The Media Development Authority (MDA) has elaborated on what it meant when it said on Thursday that “a purely private” screening of the film by Tan Pin Pin was allowed.
The film, titled “To Singapore, With Love”, consists of interviews with Singapore exiles who now reside in several countries.
The MDA had on Wednesday said that the film “undermine[s] national security” and rated it “Not Allowed For All Ratings”.
However, the MDA had also said that “a purely private” screening was allowed.
On Friday, it explained what it meant.
“Whether a screening is private will depend on many factors, including how these screenings are planned and conducted and who is permitted access,” the MDA was reported by the Straits Times to have said.
The MDA added, “For example, a screening of a film to one’s own family members or personal friends could be private screening if no other person is permitted access.”
The regulatory authority did not provide further details of what other circumstances would qualify as “purely private”.
The MDA’s decision to disallow the film to be screened publicly has met with howls of protests from Singaporeans, including a group of activists and artists.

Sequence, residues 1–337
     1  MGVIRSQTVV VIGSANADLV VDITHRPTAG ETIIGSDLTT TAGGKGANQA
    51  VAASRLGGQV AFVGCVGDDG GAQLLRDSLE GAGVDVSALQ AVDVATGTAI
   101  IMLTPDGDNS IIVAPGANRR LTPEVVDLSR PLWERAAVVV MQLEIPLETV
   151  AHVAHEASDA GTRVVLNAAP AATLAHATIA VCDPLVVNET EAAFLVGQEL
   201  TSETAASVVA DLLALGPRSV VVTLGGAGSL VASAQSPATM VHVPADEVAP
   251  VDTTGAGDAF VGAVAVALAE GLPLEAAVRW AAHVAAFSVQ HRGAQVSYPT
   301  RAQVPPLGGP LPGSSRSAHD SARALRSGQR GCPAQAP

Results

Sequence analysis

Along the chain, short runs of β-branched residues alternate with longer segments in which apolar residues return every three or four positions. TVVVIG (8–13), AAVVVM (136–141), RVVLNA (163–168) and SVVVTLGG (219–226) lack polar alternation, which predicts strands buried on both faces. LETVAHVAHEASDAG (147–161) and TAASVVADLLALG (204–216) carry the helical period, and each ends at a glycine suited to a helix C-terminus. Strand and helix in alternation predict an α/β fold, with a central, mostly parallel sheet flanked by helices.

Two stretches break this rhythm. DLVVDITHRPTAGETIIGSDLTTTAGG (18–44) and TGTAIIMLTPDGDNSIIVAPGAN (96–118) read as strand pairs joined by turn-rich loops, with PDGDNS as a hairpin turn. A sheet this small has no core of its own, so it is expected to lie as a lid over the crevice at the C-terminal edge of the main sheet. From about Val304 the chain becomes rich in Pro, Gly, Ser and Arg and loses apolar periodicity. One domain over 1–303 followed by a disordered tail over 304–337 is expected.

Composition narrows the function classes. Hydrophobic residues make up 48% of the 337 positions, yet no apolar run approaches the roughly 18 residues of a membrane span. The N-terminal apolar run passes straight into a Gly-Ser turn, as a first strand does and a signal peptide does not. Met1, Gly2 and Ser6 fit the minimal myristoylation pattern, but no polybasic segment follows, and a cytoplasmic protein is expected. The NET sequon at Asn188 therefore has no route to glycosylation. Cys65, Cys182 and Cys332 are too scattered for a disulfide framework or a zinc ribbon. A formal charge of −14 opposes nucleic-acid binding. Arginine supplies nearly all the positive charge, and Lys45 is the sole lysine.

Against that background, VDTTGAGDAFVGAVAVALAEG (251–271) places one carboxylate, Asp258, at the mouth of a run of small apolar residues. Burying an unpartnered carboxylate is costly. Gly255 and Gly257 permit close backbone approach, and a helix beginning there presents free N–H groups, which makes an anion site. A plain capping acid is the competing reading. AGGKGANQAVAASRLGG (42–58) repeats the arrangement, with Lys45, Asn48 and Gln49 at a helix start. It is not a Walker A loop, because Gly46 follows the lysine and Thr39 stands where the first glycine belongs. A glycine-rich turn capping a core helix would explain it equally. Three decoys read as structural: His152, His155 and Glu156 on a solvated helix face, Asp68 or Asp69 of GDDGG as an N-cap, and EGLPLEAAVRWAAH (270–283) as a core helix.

The latest to express disappointment with it is academic and media watcher Cherian George.
“It is also an insult to Singaporeans, who are in effect being told that they are not smart enough to engage critically with Tan’s film, no matter how biased it may be, and to weigh what her interviewees claim against what the official history states,” Dr Cherian said in an online post.
The film, which has won critical acclaim ad several awards overseas, will be shown in India, the Philippines, London and Taiwan this month.
It is also currently on a four-city tour in Malaysia, playing in Petaling Jaya, Johor Baru, Kuantan and Penang.